Juliet Black Thrillers

In November 2018, I will introduce you to Juliet Black and her supernatural demonic world. (Want a sneak peek? Click here!) I find paranormal-y things very interesting. Recently, I watched a documentary called Hostage to the Devil. There's a great breakdown and trailer here.

So then I decided to watch The Conjuring and The Conjuring 2. Because why not, right? I think Ed and Lorraine Warren are fascinating. I've seen them both in various paranormal investigation shows--more of Lorraine since Ed died in 2006. (Lorraine is still alive and so is the organization she and Ed started in 1952.)

Here I am at 48 watching horror movies about possession and what-not, but when I was kid The Exorcist freaked me out. I saw it when I was three (yeah, three, thanks Mom!). We went to a drive-in movie theater in our cool-assed, carpeted van. (It was the 1970s and the closest I've ever gotten to being in the Mystery Machine.) I remember scenes from that movie to this day. For years afterward, hearing the "Tubular Bells" theme would scare the crap out of me.
Fast forward to when I had kids. In their teens they watched The Exorcist and laughed. My son told me, "That movie is hilarious!" So, okay, a head-spinning pea-vomiting little girl might not be super scary now, but in 1973, it was terrifying.
These days, I write about demons, so TAKE THAT The Exorcist! And my demons are sometimes sexy like in Come Hell or High Water or scary and mean like those in Blood Kiss (which also has a demon hero, so bonus!).

In Juliet Black's world, demons are mostly jerkfaces except for a few that Juliet teams up with to defeat the really evil demonic forces that threaten our world. I'm so excited about this series! (And also excited about my Paranormal Homicide Division series, which you find out more about here!) And now ... a sneak peek!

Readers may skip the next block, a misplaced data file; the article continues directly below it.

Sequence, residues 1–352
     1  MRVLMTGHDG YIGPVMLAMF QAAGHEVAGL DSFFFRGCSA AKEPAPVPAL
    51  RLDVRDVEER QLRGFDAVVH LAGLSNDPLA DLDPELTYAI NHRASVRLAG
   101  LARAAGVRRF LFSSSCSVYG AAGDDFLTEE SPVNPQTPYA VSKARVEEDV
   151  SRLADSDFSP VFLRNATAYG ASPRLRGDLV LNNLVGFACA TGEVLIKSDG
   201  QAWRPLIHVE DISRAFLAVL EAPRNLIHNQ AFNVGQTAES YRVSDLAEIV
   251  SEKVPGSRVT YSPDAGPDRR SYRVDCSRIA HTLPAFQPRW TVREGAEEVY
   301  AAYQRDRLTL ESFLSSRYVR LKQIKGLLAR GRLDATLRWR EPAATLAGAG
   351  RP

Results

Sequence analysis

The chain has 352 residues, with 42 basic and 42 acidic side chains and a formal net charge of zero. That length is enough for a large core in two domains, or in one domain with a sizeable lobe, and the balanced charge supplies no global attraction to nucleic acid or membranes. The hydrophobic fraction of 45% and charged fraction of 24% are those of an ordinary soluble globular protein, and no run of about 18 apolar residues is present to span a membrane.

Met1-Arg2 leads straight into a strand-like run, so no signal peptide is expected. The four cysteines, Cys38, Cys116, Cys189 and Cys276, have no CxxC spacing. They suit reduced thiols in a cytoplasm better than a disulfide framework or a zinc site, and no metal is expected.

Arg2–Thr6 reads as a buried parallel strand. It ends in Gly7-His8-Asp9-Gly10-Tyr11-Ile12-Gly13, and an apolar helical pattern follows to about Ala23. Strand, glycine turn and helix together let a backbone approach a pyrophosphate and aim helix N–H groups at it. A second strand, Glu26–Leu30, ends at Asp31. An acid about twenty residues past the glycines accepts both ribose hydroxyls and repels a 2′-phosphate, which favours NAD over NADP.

BLACK HEART
Book 1 ~Juliet Black Supernatural Thrillers

~Sneak Peek~

“Zipper, I’m tired of talking to your fucking voicemail. If you don’t call me back—I will cut off your balls and feed ‘em to Max.” I ended the call and glared at the burner phone as though it had a personal part in sending me to this miserable small town.

I had parked my beloved 1970 Buick GSX on the side of the narrow two-lane road, near the yellow welcome sign that shouted: “We love visitors in Sunshine, Texas! Stay for a while—we’ll make you smile!” Underneath that horrible threat was the number of idiots who lived here: 403.

Ugh. I was already claustrophobic. I preferred big cities with their bad drivers, polluted skies, shitty attitudes, and endless cheap motel and diner options. No one in a big city gave a damn about you. I preferred that kind of rude anonymity to everyone-knows-your-business whistle-stops like fucking Sunshine.

From her curled position on the passenger seat next to me, my pit bull looked up. Her one good eye glinted with hope. “Sorry Max,” I said, tossing the phone onto the dashboard. “You can’t eat Zipper’s gonads.”

Max cocked her head and licked her lips, a gesture I took to mean: “Are you sure?”

“You’ll get herpes, honey,” I crooned. “But if he screws me over, you can chew off his arms, okay?”